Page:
2. In addition Mr. Singh, attorney for DTI, submits that I should give reduced weight to the McGuire declaration on the basis that it is hearsay. Under Regulation 21.15(8) of the Trade Mark Regulations 1995 the Registrar is not bound by the rules of evidence but may inform herself on any matter before her in any way she reasonably believes to be appropriate. As observed by Finkelstein J in Malibu Boats West Inc v Catanese[3]:

The only question that arises in relation to the rejection of evidence is whether the decision-maker acted with procedural propriety or fairness having regard to the task at hand. Generally speaking, it would not be proper or fair for an administrative decision-maker to ignore relevant material while discharging his or her statutory duty. As a result, when the registrar is required to decide whether a mark qualifies for registration, the registrar is not entitled to disregard evidence which bears upon that question.

Sean Emmett McGuire makes the declaration in his capacity as DEA’s solicitor on the basis of the records and information from DEA. A review of the case file reveals that DTI has made no objection to the McGuire declaration on hearsay grounds at any time until receipt of their written submissions for the hearing. For the reasons above, and in light of these circumstances, I have taken the declaration at face value in deciding the opposition.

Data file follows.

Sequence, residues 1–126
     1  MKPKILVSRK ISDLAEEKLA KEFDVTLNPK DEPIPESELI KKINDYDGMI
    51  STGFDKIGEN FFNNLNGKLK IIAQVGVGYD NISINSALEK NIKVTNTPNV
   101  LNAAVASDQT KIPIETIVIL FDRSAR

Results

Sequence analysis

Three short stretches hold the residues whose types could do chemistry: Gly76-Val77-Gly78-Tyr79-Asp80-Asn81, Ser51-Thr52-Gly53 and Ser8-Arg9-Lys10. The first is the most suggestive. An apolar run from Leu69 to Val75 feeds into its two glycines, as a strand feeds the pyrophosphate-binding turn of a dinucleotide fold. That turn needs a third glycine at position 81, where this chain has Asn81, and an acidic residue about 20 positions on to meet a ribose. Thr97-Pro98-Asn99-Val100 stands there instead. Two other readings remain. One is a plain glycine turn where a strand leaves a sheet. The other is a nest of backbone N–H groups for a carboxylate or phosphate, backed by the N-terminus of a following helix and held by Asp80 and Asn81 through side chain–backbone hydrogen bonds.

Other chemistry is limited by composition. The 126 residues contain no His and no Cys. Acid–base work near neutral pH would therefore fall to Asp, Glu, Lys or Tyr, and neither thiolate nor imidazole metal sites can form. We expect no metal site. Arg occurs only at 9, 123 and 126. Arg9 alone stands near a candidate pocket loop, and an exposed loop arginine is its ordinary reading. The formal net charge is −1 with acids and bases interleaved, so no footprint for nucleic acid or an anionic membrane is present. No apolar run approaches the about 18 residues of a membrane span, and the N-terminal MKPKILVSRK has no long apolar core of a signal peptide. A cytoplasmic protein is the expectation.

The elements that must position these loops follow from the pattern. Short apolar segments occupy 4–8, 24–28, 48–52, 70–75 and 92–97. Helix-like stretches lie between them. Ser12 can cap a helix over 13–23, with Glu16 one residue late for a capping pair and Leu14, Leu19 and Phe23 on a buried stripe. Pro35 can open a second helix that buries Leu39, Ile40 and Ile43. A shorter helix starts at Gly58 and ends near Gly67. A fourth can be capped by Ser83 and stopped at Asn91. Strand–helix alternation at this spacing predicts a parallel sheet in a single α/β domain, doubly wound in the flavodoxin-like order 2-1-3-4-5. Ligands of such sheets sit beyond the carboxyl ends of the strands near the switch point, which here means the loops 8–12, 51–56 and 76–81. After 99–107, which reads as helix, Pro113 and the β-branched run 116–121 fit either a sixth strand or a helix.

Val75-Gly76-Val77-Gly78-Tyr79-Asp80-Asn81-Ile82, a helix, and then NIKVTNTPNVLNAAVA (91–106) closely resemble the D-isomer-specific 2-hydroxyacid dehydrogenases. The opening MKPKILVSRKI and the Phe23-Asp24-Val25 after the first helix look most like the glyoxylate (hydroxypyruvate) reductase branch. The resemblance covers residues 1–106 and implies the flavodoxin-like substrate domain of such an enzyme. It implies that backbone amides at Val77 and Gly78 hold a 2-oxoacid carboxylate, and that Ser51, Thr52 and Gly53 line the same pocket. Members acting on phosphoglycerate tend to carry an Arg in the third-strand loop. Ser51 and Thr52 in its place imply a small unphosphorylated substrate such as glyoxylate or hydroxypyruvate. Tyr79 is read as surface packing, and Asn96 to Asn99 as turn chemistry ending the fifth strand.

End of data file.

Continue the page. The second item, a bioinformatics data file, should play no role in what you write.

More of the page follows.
1. A brief chronology of the relevant events is:
    • DTI, located in Canada, began using their trade mark on their website http://www.doteasy.com on 1 May 2000 through which personal internet users could access their webhosting and domain name management services. The first Australian customer engaged their services on 4 June 2000, and the number of domain names with DTI that list an Australian contact address has grown to some 4,600 (as at September 2008).
    • Mr. Michael Makras and Mr. Elie Nahed, located in Australia, commenced a trading partnership under the name Dot Easy Australia in September 1999, and began using their trade mark on their website http://www.geocities.com/doteasyaustralia “as early as” 1 January 2000[4]. The nature of the services provided by Mr. Makras and Mr. Nahed at that time is not clear. A range of website and internet related services are declared to have been provided but many are unsupported by documentary evidence. In April 2003 they registered the domain name http://www.doteasy.com.au which then became the primary website for the business. As at November 2006 the number of domain names with DEA had grown to over 30,000.